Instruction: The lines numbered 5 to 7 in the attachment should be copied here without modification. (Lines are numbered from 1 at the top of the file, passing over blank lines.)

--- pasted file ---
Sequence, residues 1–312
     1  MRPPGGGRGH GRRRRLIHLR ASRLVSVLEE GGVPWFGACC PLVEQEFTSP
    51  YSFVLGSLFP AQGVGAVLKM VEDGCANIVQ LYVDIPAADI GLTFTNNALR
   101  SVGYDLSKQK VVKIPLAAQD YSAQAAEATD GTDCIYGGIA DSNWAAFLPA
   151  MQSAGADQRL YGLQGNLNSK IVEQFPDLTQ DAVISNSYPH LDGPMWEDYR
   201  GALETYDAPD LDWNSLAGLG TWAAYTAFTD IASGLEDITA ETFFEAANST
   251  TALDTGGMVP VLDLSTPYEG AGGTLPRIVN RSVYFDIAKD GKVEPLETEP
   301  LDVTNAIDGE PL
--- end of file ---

   151  MQSAGADQRL YGLQGNLNSK IVEQFPDLTQ DAVISNSYPH LDGPMWEDYR
   201  GALETYDAPD LDWNSLAGLG TWAAYTAFTD IASGLEDITA ETFFEAANST
   251  TALDTGGMVP VLDLSTPYEG AGGTLPRIVN RSVYFDIAKD GKVEPLETEP